One of the baffling episodes in the market this February has been the collapse of the JP Associates stock. It was Rs 510 at the start of the year, corrected to Rs 370 by the end of January but it is the fall since then to Rs 250 which is mysterious.
The second leg of the fall has it’s genesis in a global investor conference organised by an influential investment bank where the company presented and a harmless slide in that presentation gave the listed JP associates only a 55 per cent economic interest of it’s arm JP Infratech, which houses the multi billion dollar Taj Expressway project.
Investors were aghast, after all they had assumed that JP Infratech was always going to be a 100 per cent subsidiary and the entire project upside would be captured by the shareholders of the listed entity. They were now being told that 45 per cent would be held by promoters.
When confronted at the conference the JP associates official confirmed the news; the next morning the stock tanked 10 per cent. Within minutes the vice chairman of the company was on CNBC TV18 clarifying that JP associates would own the entire 100 per cent of JP Infratech, yet the stock failed to recover.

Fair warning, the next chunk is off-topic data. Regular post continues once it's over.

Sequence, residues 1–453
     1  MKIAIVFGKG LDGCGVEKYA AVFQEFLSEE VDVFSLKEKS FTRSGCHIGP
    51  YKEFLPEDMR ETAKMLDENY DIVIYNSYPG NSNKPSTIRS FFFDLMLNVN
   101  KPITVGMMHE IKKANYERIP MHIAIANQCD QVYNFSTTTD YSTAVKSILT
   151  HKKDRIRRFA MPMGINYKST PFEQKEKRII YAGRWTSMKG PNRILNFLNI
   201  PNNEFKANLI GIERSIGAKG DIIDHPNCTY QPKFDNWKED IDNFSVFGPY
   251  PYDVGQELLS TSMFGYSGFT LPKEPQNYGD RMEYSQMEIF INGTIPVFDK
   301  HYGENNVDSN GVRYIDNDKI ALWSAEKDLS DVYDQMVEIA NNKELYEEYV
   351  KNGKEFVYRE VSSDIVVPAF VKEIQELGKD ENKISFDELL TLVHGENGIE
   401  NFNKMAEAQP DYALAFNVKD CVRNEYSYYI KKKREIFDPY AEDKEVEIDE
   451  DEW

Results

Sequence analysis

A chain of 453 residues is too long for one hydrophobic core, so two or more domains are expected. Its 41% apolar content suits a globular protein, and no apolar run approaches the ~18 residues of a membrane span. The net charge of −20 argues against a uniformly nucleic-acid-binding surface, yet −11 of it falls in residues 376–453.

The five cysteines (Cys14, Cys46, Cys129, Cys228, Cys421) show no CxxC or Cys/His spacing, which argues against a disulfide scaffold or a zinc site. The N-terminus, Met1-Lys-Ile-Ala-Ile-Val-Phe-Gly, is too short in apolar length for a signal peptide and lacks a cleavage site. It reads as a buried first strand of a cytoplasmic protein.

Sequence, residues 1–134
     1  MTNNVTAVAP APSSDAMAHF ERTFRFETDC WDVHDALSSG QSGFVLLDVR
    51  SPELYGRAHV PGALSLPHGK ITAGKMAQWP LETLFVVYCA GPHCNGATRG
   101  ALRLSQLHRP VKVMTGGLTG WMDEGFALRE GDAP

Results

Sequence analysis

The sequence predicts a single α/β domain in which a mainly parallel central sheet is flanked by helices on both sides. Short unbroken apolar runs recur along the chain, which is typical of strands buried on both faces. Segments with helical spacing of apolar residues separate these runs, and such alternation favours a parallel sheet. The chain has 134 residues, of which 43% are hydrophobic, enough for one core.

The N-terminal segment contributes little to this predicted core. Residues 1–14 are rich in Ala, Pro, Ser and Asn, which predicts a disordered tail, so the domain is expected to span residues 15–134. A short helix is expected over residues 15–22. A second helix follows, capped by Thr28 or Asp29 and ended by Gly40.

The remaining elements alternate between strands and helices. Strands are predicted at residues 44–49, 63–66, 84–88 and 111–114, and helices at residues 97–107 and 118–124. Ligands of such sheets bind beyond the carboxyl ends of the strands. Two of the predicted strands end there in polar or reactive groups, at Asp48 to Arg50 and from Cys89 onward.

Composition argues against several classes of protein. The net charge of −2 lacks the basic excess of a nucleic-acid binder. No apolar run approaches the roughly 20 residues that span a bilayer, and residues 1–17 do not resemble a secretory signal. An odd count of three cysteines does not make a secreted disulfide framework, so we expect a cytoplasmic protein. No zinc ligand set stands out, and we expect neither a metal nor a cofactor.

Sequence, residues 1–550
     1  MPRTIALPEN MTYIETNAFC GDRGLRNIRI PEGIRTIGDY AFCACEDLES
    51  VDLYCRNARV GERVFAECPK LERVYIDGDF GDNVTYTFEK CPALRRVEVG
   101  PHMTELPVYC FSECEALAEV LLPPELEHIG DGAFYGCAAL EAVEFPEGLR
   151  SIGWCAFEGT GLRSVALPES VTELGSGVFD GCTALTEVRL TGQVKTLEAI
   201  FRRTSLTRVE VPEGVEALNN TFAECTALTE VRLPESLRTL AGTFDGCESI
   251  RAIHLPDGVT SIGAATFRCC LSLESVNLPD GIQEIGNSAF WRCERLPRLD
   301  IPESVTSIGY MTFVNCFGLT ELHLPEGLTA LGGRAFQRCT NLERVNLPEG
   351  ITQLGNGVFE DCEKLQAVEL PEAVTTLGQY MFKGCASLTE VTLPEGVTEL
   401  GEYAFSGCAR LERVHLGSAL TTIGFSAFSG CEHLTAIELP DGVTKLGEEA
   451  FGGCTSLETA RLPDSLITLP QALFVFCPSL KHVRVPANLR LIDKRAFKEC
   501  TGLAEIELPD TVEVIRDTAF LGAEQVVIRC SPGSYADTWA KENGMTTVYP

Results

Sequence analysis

Grapevine has it that calls were made by even Union Ministers to ascertain the facts with Manoj Gaur though one cannot be sure of these things. I also hear that the management’s “ostensible” reason for splitting the shareholding was that they had to share ownership with certain politicians from UP without whose blessings the deal may have been difficult to bag.
But all this is hearsay. So, essentially the management had indeed considered such a move but had to back off or reverse it on investor/political pressure.
This has left a bad taste in the mouth for large investors. It’s a well owned stock, FIIs own large chunks of and mutual fund houses own hundreds of crores worth of stock. This institutional holding is perhaps a hangover now, the reason why the stock refuses to bottom out despite having lost half it’s market cap this year. Trust has been violated, or at least that’s the perception. The Gaurs of JP need to do some damage control and assure investors they won’t attempt such sidey moves.
Else the market will make life difficult for them and the group will require a lot of growth capital. They can’t afford to make such mistakes.
(Udayan Mukherjee is an Executive Editor, CNBC-TV18)